Three Cups of Tea by Greg Mortenson and David Oliver Relin

Sadly, I would have never picked this book up on my own to read, it’s not the book’s fault, it’s mine.  I don’t read many “journalism”  books, not because I don’t care, but because they don’t often come my way.

I was happy to have read it, for I feel now that I have a better understanding about what is really going on in Afghanistan and Pakistan.  This is a book that inspires people to find ways to make a difference in the world instead of burying themselves in the details of their own lives.

Was it an easy read?  No.   I struggled to make myself finish.  There was page after page of discouragements and setbacks and dealing with politics and government leaders that dragged and dragged on.  The information was important to the book and the point it was trying to make but it did not make enjoyable reading.

Should people read it?  YES.  Any one who wants to gain a deeper understanding of what life is really life in Afghanistan and Pakistan should read it.  Those who assume that certain cultures or faiths (i.e. Muslims) are out to get us should read it.

Greg Mortenson did what his heart told him was right and has changed the lives and futures of thousands of children in Afghanistan and Pakistan by providing schools that gave a well-rounded non extremist curriculum to both boys AND girls.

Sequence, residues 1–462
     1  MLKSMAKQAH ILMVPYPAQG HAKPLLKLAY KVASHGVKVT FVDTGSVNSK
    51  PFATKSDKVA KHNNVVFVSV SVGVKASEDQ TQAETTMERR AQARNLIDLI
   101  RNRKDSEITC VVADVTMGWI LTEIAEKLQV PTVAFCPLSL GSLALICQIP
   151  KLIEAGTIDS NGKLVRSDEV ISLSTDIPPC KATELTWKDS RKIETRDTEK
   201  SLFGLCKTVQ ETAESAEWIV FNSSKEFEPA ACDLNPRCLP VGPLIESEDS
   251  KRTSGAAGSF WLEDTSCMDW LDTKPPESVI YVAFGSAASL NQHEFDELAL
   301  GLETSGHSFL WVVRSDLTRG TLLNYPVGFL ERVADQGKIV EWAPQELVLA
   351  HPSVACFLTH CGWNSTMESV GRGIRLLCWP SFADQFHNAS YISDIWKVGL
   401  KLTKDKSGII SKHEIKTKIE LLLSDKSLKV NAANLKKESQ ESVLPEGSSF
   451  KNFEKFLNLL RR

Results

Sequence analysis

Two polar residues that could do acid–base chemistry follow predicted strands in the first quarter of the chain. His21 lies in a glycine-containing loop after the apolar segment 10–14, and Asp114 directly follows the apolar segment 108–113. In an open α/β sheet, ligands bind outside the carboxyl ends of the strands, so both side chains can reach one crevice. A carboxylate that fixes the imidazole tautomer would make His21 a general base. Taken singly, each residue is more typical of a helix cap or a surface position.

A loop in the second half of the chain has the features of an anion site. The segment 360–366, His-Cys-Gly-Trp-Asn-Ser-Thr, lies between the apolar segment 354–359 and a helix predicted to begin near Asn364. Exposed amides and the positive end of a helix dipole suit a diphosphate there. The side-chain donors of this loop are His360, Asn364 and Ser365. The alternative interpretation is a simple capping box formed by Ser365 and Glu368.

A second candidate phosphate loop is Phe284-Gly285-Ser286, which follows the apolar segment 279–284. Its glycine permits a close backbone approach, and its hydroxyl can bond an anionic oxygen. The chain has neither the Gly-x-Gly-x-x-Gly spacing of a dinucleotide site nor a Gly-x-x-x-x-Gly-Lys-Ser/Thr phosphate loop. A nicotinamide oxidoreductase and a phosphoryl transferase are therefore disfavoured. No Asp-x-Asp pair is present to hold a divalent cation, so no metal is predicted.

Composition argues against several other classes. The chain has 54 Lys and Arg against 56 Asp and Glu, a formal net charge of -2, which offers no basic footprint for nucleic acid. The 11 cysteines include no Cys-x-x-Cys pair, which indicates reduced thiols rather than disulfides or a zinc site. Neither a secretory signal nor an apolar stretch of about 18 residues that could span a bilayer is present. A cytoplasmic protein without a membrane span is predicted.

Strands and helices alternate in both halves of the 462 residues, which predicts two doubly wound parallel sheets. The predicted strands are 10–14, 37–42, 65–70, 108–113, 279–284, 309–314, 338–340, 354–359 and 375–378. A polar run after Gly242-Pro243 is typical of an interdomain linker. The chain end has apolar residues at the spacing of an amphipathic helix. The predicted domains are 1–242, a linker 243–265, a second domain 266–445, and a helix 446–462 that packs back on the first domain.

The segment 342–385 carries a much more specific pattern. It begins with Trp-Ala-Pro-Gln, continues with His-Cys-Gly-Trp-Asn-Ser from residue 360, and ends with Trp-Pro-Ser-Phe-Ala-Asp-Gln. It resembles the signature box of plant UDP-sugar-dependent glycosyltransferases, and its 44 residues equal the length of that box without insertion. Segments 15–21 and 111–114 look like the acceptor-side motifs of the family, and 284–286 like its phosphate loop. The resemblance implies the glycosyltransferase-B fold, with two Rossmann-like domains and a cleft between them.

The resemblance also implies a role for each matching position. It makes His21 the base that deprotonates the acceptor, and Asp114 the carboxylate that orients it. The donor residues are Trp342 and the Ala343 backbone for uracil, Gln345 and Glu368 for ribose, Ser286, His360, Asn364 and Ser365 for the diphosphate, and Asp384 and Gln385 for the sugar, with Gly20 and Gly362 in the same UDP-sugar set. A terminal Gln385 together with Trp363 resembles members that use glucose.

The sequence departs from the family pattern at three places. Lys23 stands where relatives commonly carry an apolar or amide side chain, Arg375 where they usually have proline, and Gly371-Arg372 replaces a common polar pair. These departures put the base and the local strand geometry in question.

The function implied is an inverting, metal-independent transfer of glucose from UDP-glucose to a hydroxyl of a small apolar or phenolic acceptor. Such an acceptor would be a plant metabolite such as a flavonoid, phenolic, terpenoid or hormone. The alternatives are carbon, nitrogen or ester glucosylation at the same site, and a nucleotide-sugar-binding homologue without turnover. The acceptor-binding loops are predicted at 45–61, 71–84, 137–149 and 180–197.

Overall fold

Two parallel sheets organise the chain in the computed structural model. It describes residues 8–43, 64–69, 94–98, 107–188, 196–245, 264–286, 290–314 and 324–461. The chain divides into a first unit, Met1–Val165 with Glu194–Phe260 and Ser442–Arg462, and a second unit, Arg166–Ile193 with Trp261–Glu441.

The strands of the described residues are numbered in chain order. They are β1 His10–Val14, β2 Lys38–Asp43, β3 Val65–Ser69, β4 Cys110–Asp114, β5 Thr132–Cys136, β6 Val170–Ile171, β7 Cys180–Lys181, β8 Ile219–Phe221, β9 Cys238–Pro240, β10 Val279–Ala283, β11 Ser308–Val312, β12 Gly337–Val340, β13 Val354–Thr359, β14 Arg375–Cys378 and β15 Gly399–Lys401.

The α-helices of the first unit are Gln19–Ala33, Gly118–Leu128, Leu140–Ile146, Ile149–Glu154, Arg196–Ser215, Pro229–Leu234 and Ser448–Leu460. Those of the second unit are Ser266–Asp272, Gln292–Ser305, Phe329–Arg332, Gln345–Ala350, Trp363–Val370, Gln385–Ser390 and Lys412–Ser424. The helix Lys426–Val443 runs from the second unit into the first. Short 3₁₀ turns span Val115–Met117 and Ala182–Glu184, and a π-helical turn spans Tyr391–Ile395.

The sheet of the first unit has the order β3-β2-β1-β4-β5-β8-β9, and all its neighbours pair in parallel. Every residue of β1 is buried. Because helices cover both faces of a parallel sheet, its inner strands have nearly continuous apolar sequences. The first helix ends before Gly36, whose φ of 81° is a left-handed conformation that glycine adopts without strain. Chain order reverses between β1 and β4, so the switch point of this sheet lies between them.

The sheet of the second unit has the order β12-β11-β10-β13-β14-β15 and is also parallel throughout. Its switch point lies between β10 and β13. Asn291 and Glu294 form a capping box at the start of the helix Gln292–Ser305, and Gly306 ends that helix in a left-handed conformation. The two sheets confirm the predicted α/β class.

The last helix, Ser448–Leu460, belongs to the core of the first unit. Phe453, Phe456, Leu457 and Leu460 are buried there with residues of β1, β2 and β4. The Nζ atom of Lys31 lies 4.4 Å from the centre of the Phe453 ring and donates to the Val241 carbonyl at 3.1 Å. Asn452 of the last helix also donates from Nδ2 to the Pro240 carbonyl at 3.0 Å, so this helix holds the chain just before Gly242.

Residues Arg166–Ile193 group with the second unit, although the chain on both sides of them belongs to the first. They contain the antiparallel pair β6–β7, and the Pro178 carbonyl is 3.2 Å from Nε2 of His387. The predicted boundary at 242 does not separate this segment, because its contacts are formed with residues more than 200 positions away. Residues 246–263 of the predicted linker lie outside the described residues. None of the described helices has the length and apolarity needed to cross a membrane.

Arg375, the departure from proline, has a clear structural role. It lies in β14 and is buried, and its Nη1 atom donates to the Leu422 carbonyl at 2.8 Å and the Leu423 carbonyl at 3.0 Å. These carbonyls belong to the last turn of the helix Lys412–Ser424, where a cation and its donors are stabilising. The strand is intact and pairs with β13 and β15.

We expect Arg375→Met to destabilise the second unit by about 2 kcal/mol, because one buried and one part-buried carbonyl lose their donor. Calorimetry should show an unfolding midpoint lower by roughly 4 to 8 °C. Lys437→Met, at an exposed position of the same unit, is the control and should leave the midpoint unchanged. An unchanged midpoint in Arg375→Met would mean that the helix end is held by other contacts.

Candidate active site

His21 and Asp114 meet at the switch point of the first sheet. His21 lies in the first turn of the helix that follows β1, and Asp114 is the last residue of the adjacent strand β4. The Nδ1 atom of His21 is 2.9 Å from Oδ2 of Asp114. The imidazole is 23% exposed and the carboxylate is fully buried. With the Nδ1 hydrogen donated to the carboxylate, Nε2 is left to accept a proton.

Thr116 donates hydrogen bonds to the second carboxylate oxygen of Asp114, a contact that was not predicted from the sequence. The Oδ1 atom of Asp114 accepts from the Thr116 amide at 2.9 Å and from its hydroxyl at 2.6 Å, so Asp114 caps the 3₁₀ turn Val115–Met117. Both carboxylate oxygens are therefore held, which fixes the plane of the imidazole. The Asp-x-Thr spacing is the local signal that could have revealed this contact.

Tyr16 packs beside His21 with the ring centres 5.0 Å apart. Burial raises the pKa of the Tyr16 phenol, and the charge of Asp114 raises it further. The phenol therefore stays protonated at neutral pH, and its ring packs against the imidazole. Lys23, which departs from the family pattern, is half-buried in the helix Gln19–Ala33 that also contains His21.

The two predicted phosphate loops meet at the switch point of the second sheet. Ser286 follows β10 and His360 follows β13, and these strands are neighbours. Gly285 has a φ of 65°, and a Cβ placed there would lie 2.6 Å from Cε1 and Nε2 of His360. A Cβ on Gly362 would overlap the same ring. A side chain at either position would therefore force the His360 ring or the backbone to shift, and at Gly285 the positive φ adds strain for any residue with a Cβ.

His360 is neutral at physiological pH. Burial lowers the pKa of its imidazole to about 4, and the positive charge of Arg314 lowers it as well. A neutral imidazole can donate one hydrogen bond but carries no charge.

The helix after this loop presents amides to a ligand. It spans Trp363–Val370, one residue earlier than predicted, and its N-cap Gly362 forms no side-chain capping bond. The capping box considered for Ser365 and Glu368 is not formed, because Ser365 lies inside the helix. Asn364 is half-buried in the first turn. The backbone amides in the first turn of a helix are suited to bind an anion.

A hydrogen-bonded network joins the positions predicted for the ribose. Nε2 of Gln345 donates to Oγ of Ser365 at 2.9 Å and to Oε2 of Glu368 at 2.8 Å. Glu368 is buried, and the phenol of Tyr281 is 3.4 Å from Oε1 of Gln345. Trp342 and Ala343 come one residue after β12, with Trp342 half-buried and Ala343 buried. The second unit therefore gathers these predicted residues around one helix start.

Tom Brokaw quote from the cover:  “Thrilling … proof that one ordinary person. with the right combination of character and determination, really can change the world.”

Websites associated with the book:

About Jodi

Jodi L. Milner is a writer, mandala enthusiast, and educator. Her epic fantasy novel, Stonebearer’s Betrayal, was published in November 2018 and rereleased in Jan 2020. She has been published in several anthologies. When not writing, she can be found folding children and feeding the laundry, occasionally in that order.
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2 Responses to Three Cups of Tea by Greg Mortenson and David Oliver Relin

  1. I’m with you on this one. I would not have picked this book off the shelf, but someone handed me the thing on CD (allowing hands-free reading), and swore I’d like it.

    I didn’t want to like it, but in the end, I did. Despite some rather lengthy passages that did not move the story along (it was real life, after all, and real life is seldom as exciting as fiction).

    In the end I found myself better educated about the people I’ve done a batch labeling of “terrorist”. Yes, there certainly are terrorists in that part of the world, but then, there are in California, too.

  2. Pingback: 100th Post! « My Literary Quest

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